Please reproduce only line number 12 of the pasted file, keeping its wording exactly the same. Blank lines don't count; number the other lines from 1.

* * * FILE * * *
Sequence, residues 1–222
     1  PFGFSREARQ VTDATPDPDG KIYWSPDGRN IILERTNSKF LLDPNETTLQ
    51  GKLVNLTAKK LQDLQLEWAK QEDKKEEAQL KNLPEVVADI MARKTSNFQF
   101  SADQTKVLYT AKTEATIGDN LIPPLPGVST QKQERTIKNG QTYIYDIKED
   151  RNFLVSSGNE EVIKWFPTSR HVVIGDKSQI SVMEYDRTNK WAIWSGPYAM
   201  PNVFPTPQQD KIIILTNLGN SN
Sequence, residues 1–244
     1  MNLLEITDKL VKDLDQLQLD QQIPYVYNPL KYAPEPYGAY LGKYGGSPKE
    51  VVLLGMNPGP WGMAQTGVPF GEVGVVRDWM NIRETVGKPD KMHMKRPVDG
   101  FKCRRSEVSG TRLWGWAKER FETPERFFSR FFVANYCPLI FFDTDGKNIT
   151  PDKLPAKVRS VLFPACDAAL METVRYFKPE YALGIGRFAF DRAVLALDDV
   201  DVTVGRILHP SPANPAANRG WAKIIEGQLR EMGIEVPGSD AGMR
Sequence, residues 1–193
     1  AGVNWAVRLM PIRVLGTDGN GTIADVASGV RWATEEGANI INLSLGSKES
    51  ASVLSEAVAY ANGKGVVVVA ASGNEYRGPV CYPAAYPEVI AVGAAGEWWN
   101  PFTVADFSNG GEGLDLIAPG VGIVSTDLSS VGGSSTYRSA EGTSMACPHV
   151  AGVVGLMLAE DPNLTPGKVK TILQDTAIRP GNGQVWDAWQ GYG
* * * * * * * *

   201  DVTVGRILHP SPANPAANRG WAKIIEGQLR EMGIEVPGSD AGMR